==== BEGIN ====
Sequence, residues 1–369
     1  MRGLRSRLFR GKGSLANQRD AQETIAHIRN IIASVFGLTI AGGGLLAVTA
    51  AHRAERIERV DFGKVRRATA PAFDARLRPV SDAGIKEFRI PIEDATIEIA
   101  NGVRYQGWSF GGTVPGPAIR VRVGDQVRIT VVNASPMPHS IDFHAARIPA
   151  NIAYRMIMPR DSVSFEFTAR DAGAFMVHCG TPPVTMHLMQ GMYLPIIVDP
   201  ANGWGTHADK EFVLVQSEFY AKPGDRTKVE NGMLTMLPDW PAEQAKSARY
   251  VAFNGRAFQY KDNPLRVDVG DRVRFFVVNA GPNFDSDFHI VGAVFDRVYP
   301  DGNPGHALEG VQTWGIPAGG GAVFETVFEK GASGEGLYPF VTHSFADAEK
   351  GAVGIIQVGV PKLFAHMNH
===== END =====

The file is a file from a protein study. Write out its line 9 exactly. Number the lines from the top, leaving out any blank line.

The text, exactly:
   351  GAVGIIQVGV PKLFAHMNH